CHICAGO (CBS) — Aldermen have overwhelmingly approved an ordinance prohibiting the sale of flavored vaping products in Chicago, despite fears from some aldermen that the ban will simply send people who use them to the suburbs or northwest Indiana to get their fix.
The measure, approved by a 46-4 vote on Wednesday, would ban all flavored vaping products, except those that taste or smell like tobacco. The ban does not apply to flavored cigarettes, cigars, or chewing tobacco, including menthol cigarettes.READ MORE: Police Investigating 2 Fatal Shooting Incidents In West Pullman Less Than A Mile Apart
Ald. Matt O’Shea (19th), the chief sponsor, originally wanted to ban any kind of flavored tobacco, including cigarettes, cigars, and chewing tobacco, but couldn’t get enough support from fellow aldermen, many of whom sided with retail groups who argued smokers would simply go outside city limits to buy those products, and increase the black market for so-called “loosies” – unregulated cigarettes.
O’Shea called the compromise approved on Wednesday “a major step forward” in protecting Chicago’s youth from the health risks of vaping products, which have become increasingly popular with teens and young adults.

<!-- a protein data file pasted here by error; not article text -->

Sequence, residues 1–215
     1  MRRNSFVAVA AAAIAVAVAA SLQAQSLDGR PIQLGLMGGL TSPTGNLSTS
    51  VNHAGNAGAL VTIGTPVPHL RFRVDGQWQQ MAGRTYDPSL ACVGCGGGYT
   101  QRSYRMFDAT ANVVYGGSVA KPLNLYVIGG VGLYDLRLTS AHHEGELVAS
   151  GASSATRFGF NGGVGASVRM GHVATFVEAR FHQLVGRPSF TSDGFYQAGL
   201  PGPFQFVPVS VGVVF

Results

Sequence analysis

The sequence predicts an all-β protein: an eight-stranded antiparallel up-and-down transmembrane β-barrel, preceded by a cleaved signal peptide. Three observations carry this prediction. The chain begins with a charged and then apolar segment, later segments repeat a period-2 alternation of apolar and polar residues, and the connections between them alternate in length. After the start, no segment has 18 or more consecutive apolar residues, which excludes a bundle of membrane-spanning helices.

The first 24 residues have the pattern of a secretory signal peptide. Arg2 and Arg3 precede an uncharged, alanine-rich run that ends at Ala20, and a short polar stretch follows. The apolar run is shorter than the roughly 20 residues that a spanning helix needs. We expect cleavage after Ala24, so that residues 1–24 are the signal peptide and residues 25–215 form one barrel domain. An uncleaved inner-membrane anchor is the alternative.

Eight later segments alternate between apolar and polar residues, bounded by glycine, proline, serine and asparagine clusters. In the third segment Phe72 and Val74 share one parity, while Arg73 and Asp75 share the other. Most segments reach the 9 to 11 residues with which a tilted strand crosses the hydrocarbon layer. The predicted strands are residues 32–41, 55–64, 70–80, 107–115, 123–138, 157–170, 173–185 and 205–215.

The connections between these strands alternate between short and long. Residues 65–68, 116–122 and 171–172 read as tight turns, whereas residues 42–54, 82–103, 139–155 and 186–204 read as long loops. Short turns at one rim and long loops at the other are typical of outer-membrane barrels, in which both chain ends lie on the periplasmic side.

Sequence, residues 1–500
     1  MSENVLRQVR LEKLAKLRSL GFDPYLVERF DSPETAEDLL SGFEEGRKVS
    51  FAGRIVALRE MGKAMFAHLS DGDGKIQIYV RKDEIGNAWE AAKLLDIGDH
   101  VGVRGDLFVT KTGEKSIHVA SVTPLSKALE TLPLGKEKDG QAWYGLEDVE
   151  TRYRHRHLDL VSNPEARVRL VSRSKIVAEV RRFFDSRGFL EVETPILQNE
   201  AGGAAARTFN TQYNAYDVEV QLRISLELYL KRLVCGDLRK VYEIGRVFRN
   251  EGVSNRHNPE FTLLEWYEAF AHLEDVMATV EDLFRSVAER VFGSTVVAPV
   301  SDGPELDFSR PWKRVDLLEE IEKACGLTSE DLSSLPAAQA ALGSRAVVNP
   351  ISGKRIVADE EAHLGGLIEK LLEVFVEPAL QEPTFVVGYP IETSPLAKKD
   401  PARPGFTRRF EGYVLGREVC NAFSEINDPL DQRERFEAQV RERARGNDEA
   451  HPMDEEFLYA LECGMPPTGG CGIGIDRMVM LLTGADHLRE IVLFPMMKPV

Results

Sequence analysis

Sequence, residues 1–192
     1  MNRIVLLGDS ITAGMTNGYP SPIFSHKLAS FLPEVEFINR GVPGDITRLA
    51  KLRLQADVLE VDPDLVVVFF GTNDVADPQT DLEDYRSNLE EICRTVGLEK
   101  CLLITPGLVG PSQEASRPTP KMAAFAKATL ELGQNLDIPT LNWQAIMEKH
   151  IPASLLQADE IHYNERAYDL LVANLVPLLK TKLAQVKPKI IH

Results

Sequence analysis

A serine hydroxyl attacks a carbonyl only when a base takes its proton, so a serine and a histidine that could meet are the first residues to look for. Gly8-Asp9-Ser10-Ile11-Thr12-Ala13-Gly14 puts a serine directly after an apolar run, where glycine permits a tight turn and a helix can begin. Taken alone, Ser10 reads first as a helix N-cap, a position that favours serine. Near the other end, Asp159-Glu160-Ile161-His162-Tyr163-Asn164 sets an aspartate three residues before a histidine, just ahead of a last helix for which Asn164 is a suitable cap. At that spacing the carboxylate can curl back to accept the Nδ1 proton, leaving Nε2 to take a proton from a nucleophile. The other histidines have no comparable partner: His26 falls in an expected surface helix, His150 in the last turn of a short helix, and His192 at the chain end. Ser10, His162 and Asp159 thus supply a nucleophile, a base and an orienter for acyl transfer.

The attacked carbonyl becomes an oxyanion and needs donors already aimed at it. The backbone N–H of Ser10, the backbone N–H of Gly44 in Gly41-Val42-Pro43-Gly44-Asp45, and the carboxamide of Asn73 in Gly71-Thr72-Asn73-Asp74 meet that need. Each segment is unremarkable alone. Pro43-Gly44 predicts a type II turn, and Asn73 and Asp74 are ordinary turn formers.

“In 2019, more than 10% of middle school students reported using a vaping product in the last 30 days, compared to less than 1% just 10 years ago,” he said.
The alderman said the CDC has found most youth e-cigarette users started with flavored vaping products.
“We all know that vaping is unsafe for children, and we all know that vaping products are marketed to children, with flavors like apple berry bubblegum, cotton candy, gummi bear, froot loops, nilla vapes, strawberry shortcake,” he said.
Ald. Harry Osterman (48th) said vaping products are specifically targeted and marketed for young people.
“Don’t take my word for it. Ask any teacher, ask any principal, ask any pediatrician,” he said. “It is a gateway, and these companies are making millions and millions and millions and millions of dollars on the health of our young people.”